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Production of chitosan PVA PCL hydrogels to bind heparin and induce angiogenesis

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  • M. Yar
  • G. Gigliobianco
  • L. Shahzadi
  • L. Dew
  • S.A. Siddiqi
  • A.F. Khan
  • A.A. Chaudhry
  • I.U. Rehman
  • S. MacNeil
<mark>Journal publication date</mark>1/09/2016
<mark>Journal</mark>International Journal of Polymeric Materials and Polymeric Biomaterials
Issue number9
Number of pages11
Pages (from-to)466-476
Publication StatusPublished
Early online date21/03/16
<mark>Original language</mark>English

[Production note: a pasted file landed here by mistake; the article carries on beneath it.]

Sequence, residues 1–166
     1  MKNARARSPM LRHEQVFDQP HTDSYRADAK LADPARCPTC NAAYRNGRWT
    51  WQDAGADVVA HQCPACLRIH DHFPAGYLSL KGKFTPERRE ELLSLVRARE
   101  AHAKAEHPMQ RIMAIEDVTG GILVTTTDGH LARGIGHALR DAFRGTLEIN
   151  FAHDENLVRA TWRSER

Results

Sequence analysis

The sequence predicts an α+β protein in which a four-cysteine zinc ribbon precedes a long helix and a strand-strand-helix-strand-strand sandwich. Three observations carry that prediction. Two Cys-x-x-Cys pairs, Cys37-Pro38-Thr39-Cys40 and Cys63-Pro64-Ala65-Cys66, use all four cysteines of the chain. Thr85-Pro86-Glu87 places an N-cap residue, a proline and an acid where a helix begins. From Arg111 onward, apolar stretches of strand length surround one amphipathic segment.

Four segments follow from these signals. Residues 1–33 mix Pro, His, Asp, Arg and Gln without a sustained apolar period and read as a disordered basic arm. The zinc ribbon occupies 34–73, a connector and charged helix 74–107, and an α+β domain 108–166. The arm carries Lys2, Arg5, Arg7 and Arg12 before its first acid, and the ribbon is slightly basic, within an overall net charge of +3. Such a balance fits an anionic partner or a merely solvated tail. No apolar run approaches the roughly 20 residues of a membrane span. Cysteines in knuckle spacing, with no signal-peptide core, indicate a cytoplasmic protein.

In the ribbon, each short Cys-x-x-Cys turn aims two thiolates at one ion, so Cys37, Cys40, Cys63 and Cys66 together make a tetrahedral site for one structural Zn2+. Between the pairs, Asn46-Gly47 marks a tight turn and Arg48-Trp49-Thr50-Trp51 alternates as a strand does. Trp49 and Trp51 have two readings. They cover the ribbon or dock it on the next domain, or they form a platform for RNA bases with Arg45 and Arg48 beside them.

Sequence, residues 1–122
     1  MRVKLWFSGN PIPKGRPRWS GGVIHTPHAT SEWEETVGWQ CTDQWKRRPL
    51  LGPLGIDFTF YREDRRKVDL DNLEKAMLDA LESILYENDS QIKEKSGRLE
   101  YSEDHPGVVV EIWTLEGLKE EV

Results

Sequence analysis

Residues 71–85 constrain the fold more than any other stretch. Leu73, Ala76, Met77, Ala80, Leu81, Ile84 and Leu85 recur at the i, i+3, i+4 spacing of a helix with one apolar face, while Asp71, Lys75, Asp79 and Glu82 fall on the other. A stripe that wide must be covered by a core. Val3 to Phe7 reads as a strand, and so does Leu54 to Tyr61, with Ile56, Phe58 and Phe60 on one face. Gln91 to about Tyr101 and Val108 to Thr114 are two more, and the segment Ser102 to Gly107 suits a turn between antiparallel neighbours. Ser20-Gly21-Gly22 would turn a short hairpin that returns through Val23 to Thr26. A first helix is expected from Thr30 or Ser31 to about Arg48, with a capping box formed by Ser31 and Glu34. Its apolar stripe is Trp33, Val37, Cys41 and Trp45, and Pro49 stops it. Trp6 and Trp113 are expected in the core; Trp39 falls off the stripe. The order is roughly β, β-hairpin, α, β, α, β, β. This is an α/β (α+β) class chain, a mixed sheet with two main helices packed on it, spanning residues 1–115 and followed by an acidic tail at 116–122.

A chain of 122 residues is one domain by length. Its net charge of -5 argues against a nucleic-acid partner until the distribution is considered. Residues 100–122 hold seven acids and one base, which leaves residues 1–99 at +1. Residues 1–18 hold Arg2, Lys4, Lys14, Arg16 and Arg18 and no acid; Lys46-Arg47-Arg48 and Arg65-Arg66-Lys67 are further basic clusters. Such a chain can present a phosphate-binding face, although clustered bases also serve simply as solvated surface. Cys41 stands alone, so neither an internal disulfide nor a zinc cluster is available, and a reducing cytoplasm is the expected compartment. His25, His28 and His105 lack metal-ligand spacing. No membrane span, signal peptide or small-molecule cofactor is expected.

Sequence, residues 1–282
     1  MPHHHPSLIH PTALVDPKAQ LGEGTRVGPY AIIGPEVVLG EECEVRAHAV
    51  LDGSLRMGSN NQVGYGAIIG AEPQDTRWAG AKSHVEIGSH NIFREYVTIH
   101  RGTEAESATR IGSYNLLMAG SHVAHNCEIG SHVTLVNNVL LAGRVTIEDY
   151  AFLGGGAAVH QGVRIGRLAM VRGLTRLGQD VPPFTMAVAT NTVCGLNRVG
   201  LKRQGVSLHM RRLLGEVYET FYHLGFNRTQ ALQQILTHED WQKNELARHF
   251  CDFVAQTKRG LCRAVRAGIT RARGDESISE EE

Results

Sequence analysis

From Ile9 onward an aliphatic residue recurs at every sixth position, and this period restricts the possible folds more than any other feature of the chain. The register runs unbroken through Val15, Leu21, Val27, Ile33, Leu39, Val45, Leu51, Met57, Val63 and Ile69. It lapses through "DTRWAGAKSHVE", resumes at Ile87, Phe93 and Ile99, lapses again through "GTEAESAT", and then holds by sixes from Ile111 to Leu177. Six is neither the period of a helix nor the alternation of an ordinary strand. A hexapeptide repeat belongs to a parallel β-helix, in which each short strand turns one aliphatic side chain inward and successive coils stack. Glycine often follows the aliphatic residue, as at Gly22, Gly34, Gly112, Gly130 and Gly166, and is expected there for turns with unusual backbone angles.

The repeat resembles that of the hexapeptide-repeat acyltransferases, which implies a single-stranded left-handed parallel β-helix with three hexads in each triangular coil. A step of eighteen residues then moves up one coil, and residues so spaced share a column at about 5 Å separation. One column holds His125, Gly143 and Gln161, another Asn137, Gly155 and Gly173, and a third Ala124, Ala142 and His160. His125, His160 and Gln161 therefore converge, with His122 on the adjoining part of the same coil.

New blood vessel formation is an essential part of wound healing to provide cells with the nutrients and oxygen for their survival. Many nonhealing ulcers fail to heal because of poor blood supply and skin grafts will also fail to take on poorly vascularized wound beds. There is a real need for proangiogenic biomaterials to assist wound healing. In vivo heparin binds proangiogenic growth factors and helps regulate new blood vessel formation, hence heparin containing biomaterials are attractive. To achieve a hydrogel with high heparin binding capacity a composite of chitosan, poly(vinyl alcohol) (PVA) and polycaprolactone (PCL) was produced. Chitosan is a biodegradable natural polymer with great potential for biomedical applications due to its biocompatibility, high charge density and nontoxicity. PVA is biocompatible and nontoxic with good chemical stability, film-forming ability, and high hydrophilicity. PCL has physicochemical and mechanical properties comparable to those of the biological tissues and due its hydrophilic nature helps in the sustained release of drugs. Accordingly in this study we explored a range of PCL concentrations from 4% to 16% added to hydrogels composed of chitosan and PVA. Heparin was blended into the polymer mixture and the nanoporous structure was created by freeze-drying the PCL hydrogel. The physical properties of the hydrogels were evaluated by Fourier transform infrared spectroscopy (FTIR) and XPS confirmed the presence of sulfur on the surface of the hydrogels. Their porous morphology was investigated by scanning electron microscope (SEM). The Chick Chorionic Allantoic Membrane (CAM) assay was used to study the angiogenic potential of these materials and histology (H&E and Goldner trochome) was used to confirm the presence of new blood vessels inside the hydrogels. We report that the addition of 8% PCL to the hydrogels gave porous structures containing heparin, which significantly increased new blood vessel formation into the hydrogels. These hydrogels offer a new approach to biomaterials, which could be added to wounds to improve vascularization.